By now it was fairly windy and dusty, so I didn’t dawdle around visiting with the chickens or even a goat! Instead, I packed up my peck of asparagus and headed homeward. As I was driving west towards the mountains the sky began to darken and the wind continued to grow stronger, while dust from plowed fields filled the air. Soon the horizon took on a grayish green sort of look. To the southwest (the direction I was headed) there were some wispy clouds fingering towards the earth. Goodness I thought to myself It looks just like they say it does before a tornado and I blissfully drove on. Id checked the weather before I left and I was listening to the radio and there was no mention of bad weather in the air.

Not five minutes later I reached an intersection with a stop sign. The wind had really picked up and suddenly the dust was so thick I couldn’t see. At first I wasn’t worried, because I was already stopped. The wind then started to smack the car and I REALLY couldn’t see anything beyond my windshield the worst black out that I have ever experienced. A few huge rain drops fell and then all at once it was clear, the dust settling, blue sky and sunshine peeking out. As the blood pulsed through my veins, and my heart thumped, I made my left turn onto HWY 85 in Gilcrest and headed down the road. I then started to notice chunks of metal, road signs and various other detriment scattered in the roadway and neighboring fields. Traffic came to a stop and upon surveying the land to the left and the right of the car I identified large trees missing limbs, power poles without power lines, a barn missing a roof and a horse trotting down the road followed by a group of men.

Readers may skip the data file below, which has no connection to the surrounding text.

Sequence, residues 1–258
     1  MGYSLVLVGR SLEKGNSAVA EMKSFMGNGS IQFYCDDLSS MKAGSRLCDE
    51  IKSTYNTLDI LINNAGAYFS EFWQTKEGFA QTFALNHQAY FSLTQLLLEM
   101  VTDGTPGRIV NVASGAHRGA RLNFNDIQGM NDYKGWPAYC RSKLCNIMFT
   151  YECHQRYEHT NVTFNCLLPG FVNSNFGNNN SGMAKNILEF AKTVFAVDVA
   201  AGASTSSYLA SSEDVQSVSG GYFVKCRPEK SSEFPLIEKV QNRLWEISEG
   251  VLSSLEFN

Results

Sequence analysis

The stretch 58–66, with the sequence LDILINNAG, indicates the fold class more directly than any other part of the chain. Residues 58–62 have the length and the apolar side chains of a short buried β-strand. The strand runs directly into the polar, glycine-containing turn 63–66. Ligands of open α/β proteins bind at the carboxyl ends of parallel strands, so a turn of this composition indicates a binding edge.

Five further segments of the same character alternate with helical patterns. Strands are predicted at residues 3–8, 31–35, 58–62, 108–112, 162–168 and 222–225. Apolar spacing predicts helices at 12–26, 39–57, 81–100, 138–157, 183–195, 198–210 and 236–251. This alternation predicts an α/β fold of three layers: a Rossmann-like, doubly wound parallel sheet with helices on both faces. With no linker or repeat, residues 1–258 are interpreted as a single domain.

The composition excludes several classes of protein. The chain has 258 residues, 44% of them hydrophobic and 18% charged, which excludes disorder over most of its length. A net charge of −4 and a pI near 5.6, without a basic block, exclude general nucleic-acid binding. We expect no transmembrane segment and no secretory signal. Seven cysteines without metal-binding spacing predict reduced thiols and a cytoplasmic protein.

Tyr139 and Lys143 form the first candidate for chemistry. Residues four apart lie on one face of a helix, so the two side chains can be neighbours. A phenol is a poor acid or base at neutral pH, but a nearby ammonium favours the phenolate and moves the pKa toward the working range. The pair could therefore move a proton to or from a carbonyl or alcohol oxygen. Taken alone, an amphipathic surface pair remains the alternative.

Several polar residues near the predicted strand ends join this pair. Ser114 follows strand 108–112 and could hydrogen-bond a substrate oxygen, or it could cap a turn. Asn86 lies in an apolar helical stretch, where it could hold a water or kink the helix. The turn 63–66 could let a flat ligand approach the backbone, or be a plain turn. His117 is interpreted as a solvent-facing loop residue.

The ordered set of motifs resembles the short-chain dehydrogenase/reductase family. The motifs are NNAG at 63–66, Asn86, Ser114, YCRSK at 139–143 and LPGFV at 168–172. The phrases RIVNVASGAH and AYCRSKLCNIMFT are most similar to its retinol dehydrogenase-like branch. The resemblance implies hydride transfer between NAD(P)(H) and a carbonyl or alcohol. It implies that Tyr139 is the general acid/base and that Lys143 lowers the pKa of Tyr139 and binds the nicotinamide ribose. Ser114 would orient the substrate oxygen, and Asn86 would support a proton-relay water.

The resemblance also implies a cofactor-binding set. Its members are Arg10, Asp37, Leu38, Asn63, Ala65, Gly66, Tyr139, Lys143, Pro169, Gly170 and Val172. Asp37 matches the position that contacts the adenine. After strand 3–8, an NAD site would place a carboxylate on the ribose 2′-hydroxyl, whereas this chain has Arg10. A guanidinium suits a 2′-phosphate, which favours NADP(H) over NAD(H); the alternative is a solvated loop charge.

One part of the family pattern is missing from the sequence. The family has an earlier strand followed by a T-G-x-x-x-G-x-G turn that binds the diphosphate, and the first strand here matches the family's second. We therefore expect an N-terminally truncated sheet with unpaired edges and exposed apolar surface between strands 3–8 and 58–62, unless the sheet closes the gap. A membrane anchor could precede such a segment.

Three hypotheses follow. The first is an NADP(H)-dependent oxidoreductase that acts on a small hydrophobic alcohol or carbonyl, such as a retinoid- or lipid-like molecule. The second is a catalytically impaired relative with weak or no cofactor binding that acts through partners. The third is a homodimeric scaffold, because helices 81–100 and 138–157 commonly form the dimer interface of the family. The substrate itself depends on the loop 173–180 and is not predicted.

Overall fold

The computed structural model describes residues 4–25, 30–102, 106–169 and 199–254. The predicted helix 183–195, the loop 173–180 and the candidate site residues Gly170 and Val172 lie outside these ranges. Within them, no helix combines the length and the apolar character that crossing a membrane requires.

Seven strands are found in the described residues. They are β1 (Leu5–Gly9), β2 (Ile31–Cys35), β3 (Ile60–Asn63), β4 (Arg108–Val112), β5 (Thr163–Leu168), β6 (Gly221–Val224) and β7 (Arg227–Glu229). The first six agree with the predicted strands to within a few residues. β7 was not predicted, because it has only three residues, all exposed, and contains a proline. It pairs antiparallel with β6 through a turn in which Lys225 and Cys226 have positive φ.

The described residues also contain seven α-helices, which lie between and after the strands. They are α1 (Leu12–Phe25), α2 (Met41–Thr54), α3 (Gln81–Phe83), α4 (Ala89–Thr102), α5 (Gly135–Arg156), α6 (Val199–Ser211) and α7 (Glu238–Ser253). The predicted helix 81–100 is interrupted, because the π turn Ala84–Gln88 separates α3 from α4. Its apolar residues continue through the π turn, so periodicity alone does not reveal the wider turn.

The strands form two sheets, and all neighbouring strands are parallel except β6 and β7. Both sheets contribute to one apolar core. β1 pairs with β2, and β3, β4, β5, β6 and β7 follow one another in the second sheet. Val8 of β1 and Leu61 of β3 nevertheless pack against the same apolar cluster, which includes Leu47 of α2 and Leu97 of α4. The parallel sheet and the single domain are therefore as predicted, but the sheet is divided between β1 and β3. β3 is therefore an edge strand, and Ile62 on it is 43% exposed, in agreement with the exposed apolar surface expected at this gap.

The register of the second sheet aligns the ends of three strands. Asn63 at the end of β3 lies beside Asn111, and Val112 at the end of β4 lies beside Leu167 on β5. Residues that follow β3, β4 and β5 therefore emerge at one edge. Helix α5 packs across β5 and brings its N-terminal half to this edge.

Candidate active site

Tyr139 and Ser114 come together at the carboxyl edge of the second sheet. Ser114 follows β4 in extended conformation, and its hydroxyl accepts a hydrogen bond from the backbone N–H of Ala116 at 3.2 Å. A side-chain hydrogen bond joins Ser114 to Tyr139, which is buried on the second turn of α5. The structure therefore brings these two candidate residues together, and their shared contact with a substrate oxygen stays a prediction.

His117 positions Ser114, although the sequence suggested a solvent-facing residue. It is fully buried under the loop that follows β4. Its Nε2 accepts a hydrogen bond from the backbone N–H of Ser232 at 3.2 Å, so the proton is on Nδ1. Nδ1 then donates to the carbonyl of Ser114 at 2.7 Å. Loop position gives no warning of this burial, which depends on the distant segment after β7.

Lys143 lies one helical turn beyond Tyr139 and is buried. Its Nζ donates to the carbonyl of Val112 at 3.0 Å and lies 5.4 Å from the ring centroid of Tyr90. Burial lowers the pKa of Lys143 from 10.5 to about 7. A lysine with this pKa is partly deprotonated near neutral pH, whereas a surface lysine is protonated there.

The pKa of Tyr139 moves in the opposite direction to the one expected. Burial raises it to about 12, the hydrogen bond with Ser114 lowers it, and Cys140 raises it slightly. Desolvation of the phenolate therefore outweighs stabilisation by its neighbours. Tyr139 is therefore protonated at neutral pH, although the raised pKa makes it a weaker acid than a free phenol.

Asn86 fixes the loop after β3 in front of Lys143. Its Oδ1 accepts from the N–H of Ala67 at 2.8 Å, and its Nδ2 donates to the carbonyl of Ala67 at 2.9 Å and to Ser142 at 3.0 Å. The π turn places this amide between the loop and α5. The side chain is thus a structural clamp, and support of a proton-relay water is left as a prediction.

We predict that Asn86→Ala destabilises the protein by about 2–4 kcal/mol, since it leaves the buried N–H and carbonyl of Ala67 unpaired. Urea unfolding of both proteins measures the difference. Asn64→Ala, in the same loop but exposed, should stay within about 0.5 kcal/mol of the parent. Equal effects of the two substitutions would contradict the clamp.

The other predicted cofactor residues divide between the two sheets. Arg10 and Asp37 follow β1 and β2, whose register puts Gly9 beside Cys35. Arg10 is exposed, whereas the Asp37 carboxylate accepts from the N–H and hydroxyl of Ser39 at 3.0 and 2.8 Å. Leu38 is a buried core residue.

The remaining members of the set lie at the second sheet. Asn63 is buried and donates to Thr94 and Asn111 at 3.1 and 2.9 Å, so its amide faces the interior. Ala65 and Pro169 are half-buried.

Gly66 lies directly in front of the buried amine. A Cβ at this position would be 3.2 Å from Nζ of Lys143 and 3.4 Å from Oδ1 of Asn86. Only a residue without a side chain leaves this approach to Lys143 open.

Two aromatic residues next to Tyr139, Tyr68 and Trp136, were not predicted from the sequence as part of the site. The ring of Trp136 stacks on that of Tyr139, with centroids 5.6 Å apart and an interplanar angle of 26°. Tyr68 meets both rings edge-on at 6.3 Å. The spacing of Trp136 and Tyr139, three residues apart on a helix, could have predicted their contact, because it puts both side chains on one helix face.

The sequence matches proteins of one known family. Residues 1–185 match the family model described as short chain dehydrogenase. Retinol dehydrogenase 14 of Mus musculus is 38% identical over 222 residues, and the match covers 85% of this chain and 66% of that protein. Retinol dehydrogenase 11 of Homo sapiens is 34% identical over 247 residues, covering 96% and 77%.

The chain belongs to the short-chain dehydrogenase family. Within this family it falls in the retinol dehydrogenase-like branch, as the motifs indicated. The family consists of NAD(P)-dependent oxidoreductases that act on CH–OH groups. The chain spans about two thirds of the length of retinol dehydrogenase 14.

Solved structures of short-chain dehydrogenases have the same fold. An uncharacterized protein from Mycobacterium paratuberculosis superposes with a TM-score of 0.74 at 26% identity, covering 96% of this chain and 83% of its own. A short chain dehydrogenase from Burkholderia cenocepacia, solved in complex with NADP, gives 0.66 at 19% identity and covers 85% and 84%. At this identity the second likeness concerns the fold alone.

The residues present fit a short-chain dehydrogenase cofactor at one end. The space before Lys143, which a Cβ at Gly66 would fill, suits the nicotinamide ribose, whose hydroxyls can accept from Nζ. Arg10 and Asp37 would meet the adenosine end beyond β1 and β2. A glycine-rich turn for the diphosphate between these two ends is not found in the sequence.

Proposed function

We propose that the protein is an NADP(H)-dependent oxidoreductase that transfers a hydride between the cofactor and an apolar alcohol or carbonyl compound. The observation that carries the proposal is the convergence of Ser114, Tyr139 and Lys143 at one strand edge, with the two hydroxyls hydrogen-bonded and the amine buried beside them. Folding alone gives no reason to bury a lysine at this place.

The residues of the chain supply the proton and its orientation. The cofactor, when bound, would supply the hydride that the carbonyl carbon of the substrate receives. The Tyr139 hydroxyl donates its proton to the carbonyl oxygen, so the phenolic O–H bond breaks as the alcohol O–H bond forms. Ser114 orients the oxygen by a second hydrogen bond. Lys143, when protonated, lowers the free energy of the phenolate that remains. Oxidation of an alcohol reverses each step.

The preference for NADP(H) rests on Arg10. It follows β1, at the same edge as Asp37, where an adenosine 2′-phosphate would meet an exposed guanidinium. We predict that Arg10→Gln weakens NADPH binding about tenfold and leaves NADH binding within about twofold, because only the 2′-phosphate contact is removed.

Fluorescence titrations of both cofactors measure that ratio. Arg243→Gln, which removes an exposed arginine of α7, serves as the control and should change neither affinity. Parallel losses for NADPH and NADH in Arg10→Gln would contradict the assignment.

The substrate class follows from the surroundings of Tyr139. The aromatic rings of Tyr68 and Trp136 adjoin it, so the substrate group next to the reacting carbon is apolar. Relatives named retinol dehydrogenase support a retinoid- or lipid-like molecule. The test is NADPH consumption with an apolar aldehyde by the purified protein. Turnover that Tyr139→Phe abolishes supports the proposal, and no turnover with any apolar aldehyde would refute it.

I pulled off into a gas station (where there was no power) and asked the perhaps silly question was that a tornado? Indeed, it was. Holy cow. All I signed up for was some asparagus! Thank God I was okay and my son was home safe. My heart goes out to the truckers just up the road who’s semi’s were rolled, and the farmers and families who lost barns, parts of their homes, fences and who knows what else.

For more on the tornadoes that touched down in Gilcrest (my tornado), Miliken and Windsor, Colorado around noon today follow this link. (Update: video of the tornado.) I apologize that I don’t have more pictures to share, but alas I didn’t take my camera. And, even if I had, I am not a photo journalist.

My Asparagus adventure will continue over the next few days, as I follow up with canning, pickling, blanching and or freezing. But for right now, I think Ill make a cup of green tea and thank the stars that I made it home in one piece!

Update: The worst news from this Tornado episode is that it has supposedly devastated the Windsor Dairy, which I believe to be the dairy that provides milk to Organic Valley in our area!

Perfectly Natural: Green Lawn Care

Spring is here and now is the time to start thinking about how to green your lawn care. The best way to keep your yard green does not involve adding synthetic fertilizers or pesticides, nor does it include a gas mower. In fact, perfectly natural lawn care can and will result in a perfectly green lawn. We’ve done this successfully for two years and in the front of our house, we sport one of the greener lawns in the neighborhood. Now there is no arguing that the most environmentally friendly lawn, is not a lawn at all (see our backyard to the left), but for various reasons (HOA rules, personal taste, etc.) many homeowners have grass lawns. So, if you have a lawn, but want to green it up this is the article for you!